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HealthInfo Waitaha Canterbury

Overview of coeliac disease in children

Mate wīti ki ngā tamariki

Illustration showing a baby and the small intestine highlighted at the lower part of the torso.Coeliac (sometimes spelled celiac) disease is an autoimmune disease. It's caused by an abnormal reaction by your child's immune (infection-fighting) system to gluten. Gluten is a protein in wheat, barley, rye and oats.

Your child's immune system mistakes gluten as a threat to the body. To protect the body from the threat, the immune system creates special gluten-fighting antibodies to fight it.

If your tamaiti (child) has coeliac disease, these gluten-fighting antibodies damage the lining of the small bowel.

Your child's small bowel is lined with tiny finger-like projections called villi. Villi break down and absorb nutrients in food. In coeliac disease, gluten damages the villi so they become flat and the surface area of the bowel decreases. This interferes with the absorption of nutrients from food. This means your tamaiti child may not absorb enough vitamins (such as folic acid) and minerals (such as iron and calcium).

These diagrams show where the small intestine is and the damage that happens to the small intestine lining in coeliac disease.

Illustration showing long bits protruding from the intestine wall for healthy villi and much shorter bits for damaged villi.About one in 70 New Zealanders may have coeliac disease – up to 80 percent of them do not know they have the condition. It's more common in people of European descent but can affect anybody. It can affect tamariki (children) of any age after they start eating foods containing gluten.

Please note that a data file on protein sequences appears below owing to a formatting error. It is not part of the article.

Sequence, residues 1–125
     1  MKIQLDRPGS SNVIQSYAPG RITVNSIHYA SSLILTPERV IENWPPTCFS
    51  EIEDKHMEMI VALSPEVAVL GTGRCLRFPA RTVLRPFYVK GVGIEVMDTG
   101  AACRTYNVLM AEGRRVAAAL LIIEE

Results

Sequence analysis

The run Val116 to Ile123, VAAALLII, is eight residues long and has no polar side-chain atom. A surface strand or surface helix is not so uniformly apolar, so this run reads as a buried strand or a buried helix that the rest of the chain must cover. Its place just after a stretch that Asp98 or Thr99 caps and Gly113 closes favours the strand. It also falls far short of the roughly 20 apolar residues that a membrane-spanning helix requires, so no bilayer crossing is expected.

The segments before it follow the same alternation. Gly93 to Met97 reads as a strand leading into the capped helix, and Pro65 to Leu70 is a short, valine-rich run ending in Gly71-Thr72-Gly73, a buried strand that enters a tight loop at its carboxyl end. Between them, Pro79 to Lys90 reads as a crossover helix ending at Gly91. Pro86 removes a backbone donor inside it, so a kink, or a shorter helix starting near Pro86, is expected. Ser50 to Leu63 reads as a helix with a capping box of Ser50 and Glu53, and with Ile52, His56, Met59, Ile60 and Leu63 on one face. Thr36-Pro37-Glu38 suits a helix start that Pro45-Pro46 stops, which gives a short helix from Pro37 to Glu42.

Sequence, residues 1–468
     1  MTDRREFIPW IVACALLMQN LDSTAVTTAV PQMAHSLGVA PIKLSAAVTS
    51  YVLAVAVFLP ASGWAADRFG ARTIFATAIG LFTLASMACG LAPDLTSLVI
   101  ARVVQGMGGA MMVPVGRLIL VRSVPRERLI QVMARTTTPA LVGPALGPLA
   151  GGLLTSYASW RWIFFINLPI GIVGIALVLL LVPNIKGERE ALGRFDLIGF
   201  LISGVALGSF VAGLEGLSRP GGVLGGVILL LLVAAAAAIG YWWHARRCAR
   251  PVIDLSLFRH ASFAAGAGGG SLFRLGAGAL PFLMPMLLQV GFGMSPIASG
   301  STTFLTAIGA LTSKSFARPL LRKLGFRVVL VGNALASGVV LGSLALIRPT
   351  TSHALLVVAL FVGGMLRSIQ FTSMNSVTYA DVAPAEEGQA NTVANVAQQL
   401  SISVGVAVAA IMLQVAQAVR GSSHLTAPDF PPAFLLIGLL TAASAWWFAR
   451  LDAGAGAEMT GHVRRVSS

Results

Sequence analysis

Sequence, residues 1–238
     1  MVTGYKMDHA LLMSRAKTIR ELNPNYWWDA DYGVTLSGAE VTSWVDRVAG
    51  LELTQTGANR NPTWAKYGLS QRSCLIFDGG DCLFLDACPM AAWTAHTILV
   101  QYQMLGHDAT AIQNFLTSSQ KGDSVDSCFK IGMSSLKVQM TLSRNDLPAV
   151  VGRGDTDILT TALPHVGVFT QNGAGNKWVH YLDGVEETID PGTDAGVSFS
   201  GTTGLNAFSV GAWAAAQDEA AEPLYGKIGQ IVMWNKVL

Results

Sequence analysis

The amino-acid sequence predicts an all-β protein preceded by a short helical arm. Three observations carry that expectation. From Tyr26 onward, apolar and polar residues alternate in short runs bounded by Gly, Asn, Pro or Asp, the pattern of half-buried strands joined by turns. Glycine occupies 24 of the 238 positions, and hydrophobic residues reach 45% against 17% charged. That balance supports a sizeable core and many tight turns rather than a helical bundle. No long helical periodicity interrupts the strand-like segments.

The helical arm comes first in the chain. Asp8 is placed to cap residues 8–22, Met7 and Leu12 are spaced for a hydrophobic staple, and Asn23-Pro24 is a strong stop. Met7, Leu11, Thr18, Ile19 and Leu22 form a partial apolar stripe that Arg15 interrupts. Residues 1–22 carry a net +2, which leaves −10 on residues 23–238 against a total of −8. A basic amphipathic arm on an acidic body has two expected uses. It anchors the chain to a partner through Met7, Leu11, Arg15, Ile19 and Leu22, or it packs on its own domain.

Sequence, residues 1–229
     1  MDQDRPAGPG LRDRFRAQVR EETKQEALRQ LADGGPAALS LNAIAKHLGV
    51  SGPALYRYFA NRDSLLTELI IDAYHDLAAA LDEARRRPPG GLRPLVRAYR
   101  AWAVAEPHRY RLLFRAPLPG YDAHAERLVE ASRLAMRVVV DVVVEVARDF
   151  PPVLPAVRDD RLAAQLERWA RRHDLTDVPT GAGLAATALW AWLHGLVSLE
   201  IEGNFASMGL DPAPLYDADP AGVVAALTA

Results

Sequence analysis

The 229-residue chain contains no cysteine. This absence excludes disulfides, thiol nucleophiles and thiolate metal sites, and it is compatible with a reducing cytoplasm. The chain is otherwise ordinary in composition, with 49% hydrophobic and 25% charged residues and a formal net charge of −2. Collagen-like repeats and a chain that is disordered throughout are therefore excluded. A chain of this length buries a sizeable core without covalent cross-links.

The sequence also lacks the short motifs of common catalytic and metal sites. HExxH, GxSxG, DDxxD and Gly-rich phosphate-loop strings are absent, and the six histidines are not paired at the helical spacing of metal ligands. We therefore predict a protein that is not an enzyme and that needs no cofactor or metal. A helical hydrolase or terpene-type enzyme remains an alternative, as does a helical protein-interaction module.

Close relatives of someone with coeliac disease have an increased risk of developing the disease. Coeliac disease can also develop in tamariki children with other autoimmune conditions such as type 1 diabetes and thyroid disease. It is also more common in tamariki with chromosomal conditions such as Down syndrome.

If your tamaiti has coeliac disease, they will need to follow a strict gluten-free diet for the rest of their life, even if they do not have any symptoms caused by eating gluten.

Symptoms of coeliac disease in children

Tamariki with coeliac disease may have some of the following symptoms but may also have none at all:

On the next page: Diagnosing & treating coeliac disease in children

Content shared between HealthInfo Canterbury, KidsHealth and Health Navigator NZ as part of a National Health Content Hub collaborative. Last reviewed February 2022.

Page reference: 975035

Review key: HICDC-16032